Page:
Wednesday, January 24

Ruby Grimshaw discovers many hidden treasures

- November 30, 2011

Last week I joined the Royal Pavilion and Museums Foundation because the small fee seemed worth it for the unlimited free entry to the Royal Pavilion and Preston Manor alone.

I remember the shock I felt when I first read how Brighton had been a whisker away from losing its famous Pavilion. In the early 1930s the Palace was in a terrible state of disrepair with leaking roofs, broken windows and crumbling pillars. At the time, pulling it down seemed the obvious plan and it was only a late objection at a council meeting that gave it a stay of execution. Imagine Brighton today without the Pavilion!

The first event I attended as a member was a private view of the Ragmala Exhibition of Indian paintings at the museum. It took me some time to reach the room on the first floor because I was distracted on the way by the fascinating display of furniture (including Salvador Dali’s Mae West sofa.) I did manage to get past the Egyptian room, but I could not resist the two exhibitions on Brighton’s history. Here I was entranced by a 1900 street organ which had a repertoire of 10 tunes including ‘Rockin’ through the Rye’ and ‘Tesoro Mio’, and the green Goldstone Turnstile from 1997. (Brighton & Hove Albion won their last match there 1-0 against Doncaster Rovers.)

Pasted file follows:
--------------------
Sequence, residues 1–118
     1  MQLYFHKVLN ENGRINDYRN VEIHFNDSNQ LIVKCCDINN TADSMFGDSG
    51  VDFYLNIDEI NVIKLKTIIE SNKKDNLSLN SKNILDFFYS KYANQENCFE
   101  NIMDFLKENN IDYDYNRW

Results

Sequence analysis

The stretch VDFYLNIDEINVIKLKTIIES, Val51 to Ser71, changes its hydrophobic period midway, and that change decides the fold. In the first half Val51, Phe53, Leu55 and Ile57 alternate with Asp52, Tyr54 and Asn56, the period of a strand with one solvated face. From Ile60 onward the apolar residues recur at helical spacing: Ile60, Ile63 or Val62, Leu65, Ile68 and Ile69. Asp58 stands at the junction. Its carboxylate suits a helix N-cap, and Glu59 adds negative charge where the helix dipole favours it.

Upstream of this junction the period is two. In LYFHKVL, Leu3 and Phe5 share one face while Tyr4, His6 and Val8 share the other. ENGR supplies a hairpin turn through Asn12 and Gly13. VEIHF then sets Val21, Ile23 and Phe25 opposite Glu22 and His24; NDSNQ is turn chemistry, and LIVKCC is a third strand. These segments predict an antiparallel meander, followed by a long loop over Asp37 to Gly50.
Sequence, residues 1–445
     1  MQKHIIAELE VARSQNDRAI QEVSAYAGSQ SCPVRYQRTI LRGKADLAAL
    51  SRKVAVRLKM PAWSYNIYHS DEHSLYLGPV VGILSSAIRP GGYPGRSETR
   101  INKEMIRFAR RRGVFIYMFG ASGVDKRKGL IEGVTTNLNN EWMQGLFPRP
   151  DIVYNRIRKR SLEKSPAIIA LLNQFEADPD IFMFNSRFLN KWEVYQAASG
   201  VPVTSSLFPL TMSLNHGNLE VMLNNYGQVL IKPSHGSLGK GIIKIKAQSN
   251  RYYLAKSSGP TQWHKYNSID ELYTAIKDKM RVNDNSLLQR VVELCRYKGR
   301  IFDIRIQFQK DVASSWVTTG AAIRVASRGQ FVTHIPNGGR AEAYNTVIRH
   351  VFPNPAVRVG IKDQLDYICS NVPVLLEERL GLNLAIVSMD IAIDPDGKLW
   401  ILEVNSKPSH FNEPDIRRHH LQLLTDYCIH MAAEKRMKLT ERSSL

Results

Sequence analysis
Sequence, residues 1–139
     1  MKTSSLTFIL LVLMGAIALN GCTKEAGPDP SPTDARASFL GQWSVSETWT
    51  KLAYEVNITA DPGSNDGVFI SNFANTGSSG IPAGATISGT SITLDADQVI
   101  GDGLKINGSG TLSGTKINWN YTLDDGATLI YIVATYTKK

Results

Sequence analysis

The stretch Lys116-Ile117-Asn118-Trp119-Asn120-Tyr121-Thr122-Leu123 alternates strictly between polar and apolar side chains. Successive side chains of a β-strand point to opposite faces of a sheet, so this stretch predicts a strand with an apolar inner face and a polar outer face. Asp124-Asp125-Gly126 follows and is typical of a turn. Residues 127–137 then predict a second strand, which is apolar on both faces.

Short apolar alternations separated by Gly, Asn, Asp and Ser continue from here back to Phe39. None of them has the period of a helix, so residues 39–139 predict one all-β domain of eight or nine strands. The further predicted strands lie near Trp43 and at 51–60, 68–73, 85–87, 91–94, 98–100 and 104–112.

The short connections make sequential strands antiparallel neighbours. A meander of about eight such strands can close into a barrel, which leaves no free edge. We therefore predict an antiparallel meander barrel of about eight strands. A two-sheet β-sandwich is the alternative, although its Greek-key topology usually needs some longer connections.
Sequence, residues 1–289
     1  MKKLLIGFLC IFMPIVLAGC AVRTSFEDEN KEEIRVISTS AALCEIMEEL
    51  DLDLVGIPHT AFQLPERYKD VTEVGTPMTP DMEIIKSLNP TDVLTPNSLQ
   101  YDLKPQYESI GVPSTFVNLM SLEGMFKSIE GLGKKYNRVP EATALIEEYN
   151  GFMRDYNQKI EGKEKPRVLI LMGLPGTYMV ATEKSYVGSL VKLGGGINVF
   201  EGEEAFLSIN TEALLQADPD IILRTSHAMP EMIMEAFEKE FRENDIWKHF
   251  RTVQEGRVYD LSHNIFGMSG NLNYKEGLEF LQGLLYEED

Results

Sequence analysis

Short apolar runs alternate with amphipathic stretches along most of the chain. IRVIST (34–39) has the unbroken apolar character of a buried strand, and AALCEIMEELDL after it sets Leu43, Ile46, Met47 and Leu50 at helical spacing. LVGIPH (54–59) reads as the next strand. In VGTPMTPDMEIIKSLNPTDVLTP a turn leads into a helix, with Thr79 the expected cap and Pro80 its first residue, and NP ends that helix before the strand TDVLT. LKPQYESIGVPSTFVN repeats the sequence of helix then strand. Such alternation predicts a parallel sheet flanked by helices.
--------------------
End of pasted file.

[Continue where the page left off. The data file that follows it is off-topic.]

“I found myself looking at Fatboy Slim’s Hawaiian shirt”

When I reached the next floor I was about to enter the Ragmala Exhibition when I saw an exciting room opposite called Performance Body. Here were the most amazing puppets and marionettes from around the world: West Africa , Vietnam, Burma and India. Videos showed how these beautiful figures were made and the exciting performances they created. From here I somehow slid into the Fashion and Style room and found myself looking at Fatboy Slim’s Hawaiian shirt, along with silk brocade breeches and frock coat made for a boy of five-years-old in 1743.

I was quite tired by the time I finally reached the Ragamala exhibition and I was grateful to stand near a knowledgeable lady and ear wig her explanation of the paintings to a friend. I did not have the concentration to visit the exhibition of the outrageous caricatures of the corpulent, high spending George IVth. A treat for another day. I did not realise what a treasure trove the museum is.

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